Abortion

Denying abortion has consequences for women's health

UCSF Bixby Center
ANSIRH found that the physical health of women who have a first or second trimester abortion is no worse than those who gave birth. Instead, across several measures of chronic pain and overall self-rated health, women who give birth after being denied a wanted abortion fare worse than women who receive a wanted abortion.

Women turn to web as abortion access is curtailed

Healthline
Dr. Jennifer Karlin talked to Healthline about the safety of medication abortion and growing interesting in getting the pills online in the wake of new abortion restrictions.

Telemedicine for mandatory pre-abortion appointments reduces barriers to abortion care

UCSF Bixby Center
ANSIRH conducted in-depth interviews with 18 women in Utah who used telemedicine for their information visits prior to receiving an abortion.

Barriers to abortion training persist in ob-gyn residency programs

UCSF Bixby Center
New Bixby Center research explores the barriers to expanding abortion training and preparing graduates to better serve their patients.

'Heartbeat' bills get the science of fetal heartbeats all wrong

WIRED
Dr. Jennifer Kerns talked to WIRED about the lack of evidence behind so-called "heartbeat" bans and how they threaten abortion access.

The effectiveness of interpersonal efforts to stigmatize abortion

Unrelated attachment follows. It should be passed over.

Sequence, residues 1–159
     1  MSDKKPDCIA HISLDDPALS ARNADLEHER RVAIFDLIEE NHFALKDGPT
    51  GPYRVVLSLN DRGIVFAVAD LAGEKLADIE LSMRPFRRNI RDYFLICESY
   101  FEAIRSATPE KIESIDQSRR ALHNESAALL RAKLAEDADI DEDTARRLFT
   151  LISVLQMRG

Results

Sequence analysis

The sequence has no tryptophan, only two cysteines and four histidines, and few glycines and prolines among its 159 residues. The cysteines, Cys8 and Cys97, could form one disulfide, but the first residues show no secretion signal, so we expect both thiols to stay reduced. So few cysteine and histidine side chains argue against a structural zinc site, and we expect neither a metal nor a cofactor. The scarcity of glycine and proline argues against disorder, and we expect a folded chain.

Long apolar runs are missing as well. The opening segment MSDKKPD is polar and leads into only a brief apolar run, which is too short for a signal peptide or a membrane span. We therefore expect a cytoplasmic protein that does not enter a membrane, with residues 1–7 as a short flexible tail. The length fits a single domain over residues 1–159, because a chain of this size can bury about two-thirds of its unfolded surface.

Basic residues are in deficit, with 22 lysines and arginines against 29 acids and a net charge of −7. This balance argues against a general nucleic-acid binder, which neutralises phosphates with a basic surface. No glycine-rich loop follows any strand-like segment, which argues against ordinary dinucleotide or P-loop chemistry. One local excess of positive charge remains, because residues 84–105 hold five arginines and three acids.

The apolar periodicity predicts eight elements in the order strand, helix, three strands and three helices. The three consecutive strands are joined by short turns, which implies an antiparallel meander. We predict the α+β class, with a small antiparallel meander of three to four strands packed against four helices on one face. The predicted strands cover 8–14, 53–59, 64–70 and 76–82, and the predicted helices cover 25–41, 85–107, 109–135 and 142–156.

UCSF Bixby Center
New research from ANSIRH looks at crisis pregnancy centers (CPCs), run by groups with an anti-abortion mission, to see how interpersonal interactions matter in the stigmatization of abortion.

Trump rule gagging doctors is a threat to women's lives

CalMatters

Dr. Karen Meckstroth writes in CalMatters that new Title X family planning program regulations violate medical ethics and endanger patients' health. 

More US ob-gyns are providing abortion

UCSF Bixby Center
The quality of abortion care depends on all people being able to receive safe and timely care. A national survey conducted in 2016-17 found that the percentage of U.S. ob-gyns who provide abortion rose from 14% in 2009 to 24%.

Abortion restrictions can harm women. Let's follow evidence, not ideology, in 2019.

USA Today

Ushma Upadhyay highlights her research showing that abortion restrictions requiring that doctors have hospital admitting privileges harm women in an op-ed for USA Today

Two bills, one health plan: the Trump administration's latest attempt to restrict abortion access

The Hill
Sarah Wulf writes in The Hill that a proposed regulation of insurance coverage for abortion will confuse consumers, incentivize insurance providers to drop coverage and make it harder for women to access abortion care.